Authorities have restricted traffic on several roads in the country and warned of landslide danger. The gusts were reported to have reached 150 kph (93 mph) in some areas.
In Zagreb, which is not used to such strong winds, firefighters reported 240 deployments in the capital since Sunday evening.
„We have not seen such a storm in the last 45 years,” said Zagreb Mayor Milan Bandic.
In northwestern Bosnia, heavy rains have swollen rivers, flooding dozens of houses and some roads. Authorities in neighboring Serbia also warned of upcoming heavy rains that could cause small rivers to overflow.
The region was hit by massive flooding in 2014 when dozens of people died and huge areas,
- A new weather study, created using radar analysis rather than traditional weather-station data, shows a correlation between deadly car accidents and wet weather.
- Rain increases the risk of a fatal car crash by 34 percent, the study found.
- Northern areas of the Rocky Mountains and the Midwest, and winter driving featuring freezing rain or snow, are most affected by the accident risk.
A new study from the North Carolina Institute for Climate Studies shows that fatal traffic accidents are 34 percent more likely during „precipitation events” and 27 percent more likely even in light rain.
“We’re talking a drizzle, just at the point where you might consider taking an umbrella out,” said study author Scott Stevens in an interview with the Associated Press. “People slow down when it starts to rain heavily, but I think they underappreciate the risk of light rain.”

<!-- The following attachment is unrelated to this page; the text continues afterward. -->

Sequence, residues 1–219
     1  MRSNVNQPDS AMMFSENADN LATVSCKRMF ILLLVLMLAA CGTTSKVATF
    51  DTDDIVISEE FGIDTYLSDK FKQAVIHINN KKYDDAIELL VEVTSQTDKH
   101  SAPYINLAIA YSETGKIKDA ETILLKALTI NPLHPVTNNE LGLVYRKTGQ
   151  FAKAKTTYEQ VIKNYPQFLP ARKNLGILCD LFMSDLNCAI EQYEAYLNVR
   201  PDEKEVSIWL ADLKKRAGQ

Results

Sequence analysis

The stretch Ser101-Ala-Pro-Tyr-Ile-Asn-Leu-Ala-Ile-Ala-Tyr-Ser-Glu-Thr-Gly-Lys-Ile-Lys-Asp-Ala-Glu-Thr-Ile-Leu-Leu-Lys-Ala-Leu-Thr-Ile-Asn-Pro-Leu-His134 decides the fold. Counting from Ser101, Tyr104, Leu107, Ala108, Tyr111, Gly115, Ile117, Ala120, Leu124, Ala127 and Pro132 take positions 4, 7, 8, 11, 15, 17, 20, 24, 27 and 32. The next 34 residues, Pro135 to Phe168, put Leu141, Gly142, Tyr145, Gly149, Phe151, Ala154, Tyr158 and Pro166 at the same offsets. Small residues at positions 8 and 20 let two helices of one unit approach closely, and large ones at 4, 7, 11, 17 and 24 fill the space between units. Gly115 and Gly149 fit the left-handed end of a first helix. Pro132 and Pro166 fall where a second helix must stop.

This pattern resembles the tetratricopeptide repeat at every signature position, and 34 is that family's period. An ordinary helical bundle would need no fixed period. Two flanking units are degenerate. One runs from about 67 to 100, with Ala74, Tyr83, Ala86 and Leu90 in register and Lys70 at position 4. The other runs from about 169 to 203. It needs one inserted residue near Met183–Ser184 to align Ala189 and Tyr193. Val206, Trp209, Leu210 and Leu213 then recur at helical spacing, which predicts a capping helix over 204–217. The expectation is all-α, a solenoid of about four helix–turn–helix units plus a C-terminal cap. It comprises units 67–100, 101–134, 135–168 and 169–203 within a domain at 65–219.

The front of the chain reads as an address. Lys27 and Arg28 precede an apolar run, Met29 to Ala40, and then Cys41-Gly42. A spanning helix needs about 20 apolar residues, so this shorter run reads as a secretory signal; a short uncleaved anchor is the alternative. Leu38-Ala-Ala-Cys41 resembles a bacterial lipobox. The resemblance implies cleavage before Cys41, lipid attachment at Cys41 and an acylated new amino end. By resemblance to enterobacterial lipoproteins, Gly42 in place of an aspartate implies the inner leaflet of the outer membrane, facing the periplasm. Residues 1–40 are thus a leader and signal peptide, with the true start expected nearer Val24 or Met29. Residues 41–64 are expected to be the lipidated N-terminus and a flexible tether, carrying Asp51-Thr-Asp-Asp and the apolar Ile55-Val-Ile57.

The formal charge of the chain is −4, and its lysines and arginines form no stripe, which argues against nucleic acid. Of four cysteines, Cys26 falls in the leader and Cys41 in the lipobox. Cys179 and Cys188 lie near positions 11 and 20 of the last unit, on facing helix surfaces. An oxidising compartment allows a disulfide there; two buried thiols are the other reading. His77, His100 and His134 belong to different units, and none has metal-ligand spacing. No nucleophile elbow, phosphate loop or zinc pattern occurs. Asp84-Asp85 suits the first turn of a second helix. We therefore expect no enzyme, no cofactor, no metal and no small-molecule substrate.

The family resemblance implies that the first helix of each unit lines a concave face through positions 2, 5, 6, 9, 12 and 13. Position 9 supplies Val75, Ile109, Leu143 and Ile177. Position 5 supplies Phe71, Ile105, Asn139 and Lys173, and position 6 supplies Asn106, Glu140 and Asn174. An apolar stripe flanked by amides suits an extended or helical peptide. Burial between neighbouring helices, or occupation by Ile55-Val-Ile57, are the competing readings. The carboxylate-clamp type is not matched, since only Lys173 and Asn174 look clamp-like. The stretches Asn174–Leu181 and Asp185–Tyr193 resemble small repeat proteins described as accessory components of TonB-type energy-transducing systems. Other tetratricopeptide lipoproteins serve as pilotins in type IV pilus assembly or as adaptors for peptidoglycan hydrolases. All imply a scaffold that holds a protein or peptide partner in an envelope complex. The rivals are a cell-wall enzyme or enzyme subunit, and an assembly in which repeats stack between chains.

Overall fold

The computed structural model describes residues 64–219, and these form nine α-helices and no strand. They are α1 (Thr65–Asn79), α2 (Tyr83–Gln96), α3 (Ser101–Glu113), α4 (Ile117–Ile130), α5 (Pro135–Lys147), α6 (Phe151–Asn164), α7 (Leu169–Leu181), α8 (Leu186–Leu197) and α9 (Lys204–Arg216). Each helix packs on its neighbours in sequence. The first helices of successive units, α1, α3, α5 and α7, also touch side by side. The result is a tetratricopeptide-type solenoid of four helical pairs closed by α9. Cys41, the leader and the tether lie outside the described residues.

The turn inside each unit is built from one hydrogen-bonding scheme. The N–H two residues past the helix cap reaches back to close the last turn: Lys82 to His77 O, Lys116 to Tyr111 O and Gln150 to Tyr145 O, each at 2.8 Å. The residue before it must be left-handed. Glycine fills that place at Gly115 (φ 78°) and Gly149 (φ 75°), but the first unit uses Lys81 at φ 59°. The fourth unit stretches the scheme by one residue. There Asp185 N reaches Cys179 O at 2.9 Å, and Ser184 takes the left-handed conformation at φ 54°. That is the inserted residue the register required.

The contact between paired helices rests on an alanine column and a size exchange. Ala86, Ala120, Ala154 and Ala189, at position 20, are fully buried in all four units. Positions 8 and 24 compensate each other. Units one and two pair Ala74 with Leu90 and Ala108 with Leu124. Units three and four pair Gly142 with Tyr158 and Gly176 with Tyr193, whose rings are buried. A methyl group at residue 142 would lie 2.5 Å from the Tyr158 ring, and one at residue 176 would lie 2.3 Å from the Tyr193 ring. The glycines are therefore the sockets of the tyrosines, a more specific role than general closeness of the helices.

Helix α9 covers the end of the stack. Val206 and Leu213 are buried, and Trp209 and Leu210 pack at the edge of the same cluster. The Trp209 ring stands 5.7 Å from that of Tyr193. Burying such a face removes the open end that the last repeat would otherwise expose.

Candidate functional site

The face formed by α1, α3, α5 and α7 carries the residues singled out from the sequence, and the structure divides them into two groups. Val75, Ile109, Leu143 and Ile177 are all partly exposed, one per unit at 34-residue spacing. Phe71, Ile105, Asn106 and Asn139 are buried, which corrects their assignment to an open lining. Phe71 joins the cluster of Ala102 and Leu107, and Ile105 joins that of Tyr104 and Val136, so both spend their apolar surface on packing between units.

The study analyzed 125,012 accidents with fatalities in the United States between 2006 and 2011 while also looking at weather patterns during the time when the crashes occurred. Past studies have relied on police reports and the nearest weather station to estimate rainfall, but this study, using high-resolution radar data analysis, was able to more accurately pinpoint what types of weather events cause the largest increase.
The likelihood of a deadly accident is still higher in heavy-precipitation weather events, but the fact that the study showed such a spike with just light rain is more shocking. It also shows that accident risk due to wet weather is highest during morning rush-hour travel and in the winter.
Areas of the country most susceptible to the spike in traffic accidents due to weather include northern parts of the Midwest and the Rocky Mountain region, likely because of more snow. Risks proved to be slightly lower in the southeastern and northeastern United States.
FARMINGDALE, N.Y. – The last major championship played at Bethpage State Park, the 2009 U.S. Open, had to be completed on Monday because of unrelenting rain that dominated the championship. Although another Monday finish doesn’t seem as likely for this week’s PGA Championship the forecast calls for a similarly wet week.
Players were greeted by a steady rain and temperatures that didn’t climb above 45 degrees on Monday with even heavier downpours in the overnight forecast.
The outlook improves over the week with rain chances at 40 percent on Tuesday and dropping to 20 percent on Wednesday and Thursday, although the highs for the week are expected to remain in the mid to upper 60s.
Winds are also expected to become an issue for players. A weak cold front is expected to move through the area early Thursday with wind gusts up to 25 mph.
“Weather was just like this, actually, for most of it,” said Lucas Glover, who won the weather-delayed ’09 U.S. Open. “I know you guys have been just pounded the last couple weeks and this weekend, but long and hard, that’s what I remember.”